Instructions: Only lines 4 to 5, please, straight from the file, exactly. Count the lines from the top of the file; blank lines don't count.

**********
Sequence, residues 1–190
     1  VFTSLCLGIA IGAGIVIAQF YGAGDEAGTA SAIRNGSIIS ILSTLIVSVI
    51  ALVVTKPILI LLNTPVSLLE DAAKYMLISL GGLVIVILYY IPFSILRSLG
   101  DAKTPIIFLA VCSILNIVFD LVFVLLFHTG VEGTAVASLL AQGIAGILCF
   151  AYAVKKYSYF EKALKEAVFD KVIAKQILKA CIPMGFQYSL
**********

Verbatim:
   101  DAKTPIIFLA VCSILNIVFD LVFVLLFHTG VEGTAVASLL AQGIAGILCF
   151  AYAVKKYSYF EKALKEAVFD KVIAKQILKA CIPMGFQYSL